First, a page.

A Roman emperor; so called because he wore a military sandal called a caliga, which had no upper leather, and was used only by the common soldiers. (12, 37-41.)
“ `The word caligæ, however,' continued the Baron ... `means, in its primitive sense, sandals; and Caius Cæsar ... received the cognomen of Caligula, a caligis, sive caligis levio'-ribus, quibus adolescentior non fuerat in exercitu Germanici patris sui. And the caligoe were also proper to the monastic bodies; for we read in the ancient Glossarium, upon the rule of St. Benedict ... that caligoe were tied with latchets.” —Scott: Waverley. xlviii.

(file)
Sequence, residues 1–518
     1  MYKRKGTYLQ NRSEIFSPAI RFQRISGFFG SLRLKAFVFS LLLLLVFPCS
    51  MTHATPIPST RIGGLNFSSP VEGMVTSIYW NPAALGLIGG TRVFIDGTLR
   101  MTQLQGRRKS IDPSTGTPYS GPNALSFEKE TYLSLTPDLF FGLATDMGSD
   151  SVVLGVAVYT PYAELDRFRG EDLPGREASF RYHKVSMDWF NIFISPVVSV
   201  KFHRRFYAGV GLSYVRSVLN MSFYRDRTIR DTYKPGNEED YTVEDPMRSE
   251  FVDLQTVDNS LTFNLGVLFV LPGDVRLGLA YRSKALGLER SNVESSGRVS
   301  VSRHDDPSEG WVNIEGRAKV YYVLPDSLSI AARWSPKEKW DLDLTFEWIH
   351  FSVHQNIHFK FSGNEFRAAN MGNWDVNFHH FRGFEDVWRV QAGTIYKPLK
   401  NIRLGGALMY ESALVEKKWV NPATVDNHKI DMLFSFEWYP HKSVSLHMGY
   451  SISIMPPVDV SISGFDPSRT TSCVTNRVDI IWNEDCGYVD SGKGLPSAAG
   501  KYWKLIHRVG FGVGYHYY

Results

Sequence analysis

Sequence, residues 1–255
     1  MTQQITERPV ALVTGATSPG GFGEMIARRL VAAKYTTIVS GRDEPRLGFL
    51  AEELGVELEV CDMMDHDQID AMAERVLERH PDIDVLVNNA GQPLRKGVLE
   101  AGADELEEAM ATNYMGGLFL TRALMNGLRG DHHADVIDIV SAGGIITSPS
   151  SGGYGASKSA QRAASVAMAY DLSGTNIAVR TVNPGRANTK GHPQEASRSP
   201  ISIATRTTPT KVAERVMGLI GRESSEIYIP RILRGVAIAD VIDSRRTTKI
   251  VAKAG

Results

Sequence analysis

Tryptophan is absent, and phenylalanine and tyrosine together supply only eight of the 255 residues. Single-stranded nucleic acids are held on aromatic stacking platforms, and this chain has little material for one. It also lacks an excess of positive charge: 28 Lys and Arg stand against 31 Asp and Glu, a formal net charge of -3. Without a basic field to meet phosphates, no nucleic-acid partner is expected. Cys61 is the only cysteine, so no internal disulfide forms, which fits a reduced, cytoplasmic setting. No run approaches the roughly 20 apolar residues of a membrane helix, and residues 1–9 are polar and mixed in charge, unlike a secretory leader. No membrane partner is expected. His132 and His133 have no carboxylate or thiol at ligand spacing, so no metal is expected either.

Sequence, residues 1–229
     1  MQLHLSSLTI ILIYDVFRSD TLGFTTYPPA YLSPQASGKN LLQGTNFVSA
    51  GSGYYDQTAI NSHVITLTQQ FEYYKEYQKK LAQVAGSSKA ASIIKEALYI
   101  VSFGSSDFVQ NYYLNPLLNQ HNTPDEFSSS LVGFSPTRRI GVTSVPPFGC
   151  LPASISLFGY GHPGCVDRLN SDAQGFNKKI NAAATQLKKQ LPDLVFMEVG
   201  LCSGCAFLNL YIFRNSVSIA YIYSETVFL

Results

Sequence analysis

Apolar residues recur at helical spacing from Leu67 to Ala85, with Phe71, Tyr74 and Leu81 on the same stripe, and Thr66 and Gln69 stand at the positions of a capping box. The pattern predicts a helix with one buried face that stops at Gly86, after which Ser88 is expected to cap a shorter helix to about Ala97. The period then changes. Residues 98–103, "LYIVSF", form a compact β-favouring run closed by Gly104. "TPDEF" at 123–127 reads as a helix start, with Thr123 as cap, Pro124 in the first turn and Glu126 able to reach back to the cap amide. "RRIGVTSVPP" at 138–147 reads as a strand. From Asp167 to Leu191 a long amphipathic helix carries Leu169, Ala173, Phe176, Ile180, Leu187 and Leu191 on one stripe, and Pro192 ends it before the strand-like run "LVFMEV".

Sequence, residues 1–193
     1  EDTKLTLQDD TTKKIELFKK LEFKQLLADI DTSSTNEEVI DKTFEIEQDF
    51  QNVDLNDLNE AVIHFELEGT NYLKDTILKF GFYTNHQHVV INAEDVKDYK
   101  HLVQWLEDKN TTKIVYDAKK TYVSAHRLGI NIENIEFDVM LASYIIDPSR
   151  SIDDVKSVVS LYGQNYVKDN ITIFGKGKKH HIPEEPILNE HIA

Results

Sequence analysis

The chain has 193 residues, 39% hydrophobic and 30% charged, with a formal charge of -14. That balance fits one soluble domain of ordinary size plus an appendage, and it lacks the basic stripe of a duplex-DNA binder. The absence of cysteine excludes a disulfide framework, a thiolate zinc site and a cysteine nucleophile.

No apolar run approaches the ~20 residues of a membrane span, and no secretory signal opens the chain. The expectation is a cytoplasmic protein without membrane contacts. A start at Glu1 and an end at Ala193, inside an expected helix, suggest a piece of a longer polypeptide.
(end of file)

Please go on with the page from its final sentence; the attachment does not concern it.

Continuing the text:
Source: Dictionary of Phrase and Fable, E. Cobham Brewer, 1894
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